Read the Bones is always good in limited, IF you don’t mind losing 2 life. I like it a lot more than cards like Divination or Artificer’s Epiphany due to the added “scry 2”. It lets you toss away useless cards to the bottom and then gives you 2 cards. I wouldn’t play too many of these, but it’s not bad to have 1 or 2 in your 23. I just don’t know if I’d give up space for a creature or other piece of removal for it. I think it’s worth playing over a subpar creature, especially if you have strong cards you want to dig through quick. Depends on the deck you build.

RATING: 3.5 stars

 

Nantuko Husk

Nantuko Husk

Valar Morghulis. All men, or in this case creatures, must die. Last, but certainly not least I’d like to recommend Nantuko Husk. I’ve always liked creatures with this type of effect (such as Bloodthrone Vampire). In an aggressive deck It forces your opponent to make a choice between doubling up to block this card, or to let the damage through and risk losing a lot of life when the unfavorably blocked creatures are sacrificed. Black will supply him with a good amount of zombie tokens I think, but I’d also like this with blue or red and a handful of ways to make 1/1 Thopter tokens. Not a finisher, but it will help form a strong backbone for your black/x deck.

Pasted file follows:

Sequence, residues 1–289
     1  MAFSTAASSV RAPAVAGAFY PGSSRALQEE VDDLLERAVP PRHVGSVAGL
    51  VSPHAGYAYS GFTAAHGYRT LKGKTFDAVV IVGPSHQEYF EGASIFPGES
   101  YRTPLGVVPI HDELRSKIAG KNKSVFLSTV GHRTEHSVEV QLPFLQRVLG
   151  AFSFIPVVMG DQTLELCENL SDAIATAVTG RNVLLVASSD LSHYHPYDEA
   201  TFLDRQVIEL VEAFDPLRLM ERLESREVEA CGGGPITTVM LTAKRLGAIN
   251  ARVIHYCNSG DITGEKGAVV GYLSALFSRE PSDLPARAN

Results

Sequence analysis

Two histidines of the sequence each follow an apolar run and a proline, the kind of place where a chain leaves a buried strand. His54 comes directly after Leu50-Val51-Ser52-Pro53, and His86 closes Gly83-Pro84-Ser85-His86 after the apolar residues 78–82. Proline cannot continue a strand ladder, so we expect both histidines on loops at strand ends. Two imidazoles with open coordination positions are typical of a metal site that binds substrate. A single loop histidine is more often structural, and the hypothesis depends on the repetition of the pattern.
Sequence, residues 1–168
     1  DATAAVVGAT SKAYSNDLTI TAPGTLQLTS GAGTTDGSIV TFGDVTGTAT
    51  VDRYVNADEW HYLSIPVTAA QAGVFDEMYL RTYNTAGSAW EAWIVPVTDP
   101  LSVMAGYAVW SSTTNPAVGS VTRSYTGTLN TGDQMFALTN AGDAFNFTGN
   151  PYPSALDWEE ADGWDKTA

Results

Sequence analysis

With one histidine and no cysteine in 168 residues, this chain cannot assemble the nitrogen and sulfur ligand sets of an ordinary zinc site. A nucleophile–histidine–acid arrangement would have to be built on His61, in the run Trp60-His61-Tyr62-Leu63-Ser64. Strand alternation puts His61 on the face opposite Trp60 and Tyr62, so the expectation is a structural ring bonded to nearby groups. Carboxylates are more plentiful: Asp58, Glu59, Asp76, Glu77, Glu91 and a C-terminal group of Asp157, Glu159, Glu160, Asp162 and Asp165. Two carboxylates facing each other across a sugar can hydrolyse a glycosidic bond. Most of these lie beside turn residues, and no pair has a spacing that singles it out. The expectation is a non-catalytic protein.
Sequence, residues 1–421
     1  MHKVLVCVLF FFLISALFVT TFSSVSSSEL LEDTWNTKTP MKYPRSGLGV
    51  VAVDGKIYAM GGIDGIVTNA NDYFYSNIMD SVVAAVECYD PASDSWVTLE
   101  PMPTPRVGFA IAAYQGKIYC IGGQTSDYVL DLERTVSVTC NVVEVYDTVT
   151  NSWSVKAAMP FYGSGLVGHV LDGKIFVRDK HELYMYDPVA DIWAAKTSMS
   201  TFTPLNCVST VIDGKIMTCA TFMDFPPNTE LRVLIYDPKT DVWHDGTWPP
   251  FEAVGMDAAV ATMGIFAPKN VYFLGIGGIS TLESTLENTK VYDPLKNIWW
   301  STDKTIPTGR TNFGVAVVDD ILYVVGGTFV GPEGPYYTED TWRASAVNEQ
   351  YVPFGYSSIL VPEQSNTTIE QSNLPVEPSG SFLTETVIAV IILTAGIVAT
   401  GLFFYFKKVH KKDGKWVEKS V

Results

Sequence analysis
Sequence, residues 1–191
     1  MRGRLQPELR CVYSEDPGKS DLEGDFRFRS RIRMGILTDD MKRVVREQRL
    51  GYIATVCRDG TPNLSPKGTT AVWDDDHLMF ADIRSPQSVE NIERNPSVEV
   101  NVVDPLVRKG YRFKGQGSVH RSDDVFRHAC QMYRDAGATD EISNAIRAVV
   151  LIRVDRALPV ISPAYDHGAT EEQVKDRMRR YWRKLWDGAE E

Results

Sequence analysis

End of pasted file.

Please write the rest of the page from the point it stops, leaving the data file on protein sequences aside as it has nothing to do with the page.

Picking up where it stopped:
RATING: 3.5 stars

 

 

Other Cards That Might See Play

 

  • Gnarlroot Trapper – best in a GB Elves deck, otherwise “meh”.
  • Shambling Ghoul – 2/3 for 2 mana is good. It’s no Diregraf Ghoul, but it’s still good.
  • Thornbow Archer – Also not bad in an aggressive deck, especially if it’s GB elves.
  • Touch of Moonglove – neat combat trick that acts as removal of sorts if your pool doesn’t have much.
  • Weight of the Underworld – Another good alternative to solid removal if your pool’s choices are limited. It will kill a decent number of creatures.

 

Coming Up Next

 

Black feels like it’s balanced very well. When evaluating the cards, I kept finding myself thinking “that’s not bad, but it’s not great either”. There are fewer situational than in blue, and the rares are really good. It’s not a support color, but it’s not a main color either I think. Black is a partner color that can carry its weight and do a little bit of everything. I think it’s a solid color to choose in limited and that it only gets better when paired with the other cards. White is still my favorite, but black is a close 2nd right now.

I’ll probably be able to put out Red before the weekend so be sure to check back tomorrow for an update. Let me know what you think about black and if there are cards that you would evaluate differently for other reasons. I hope to hear from you!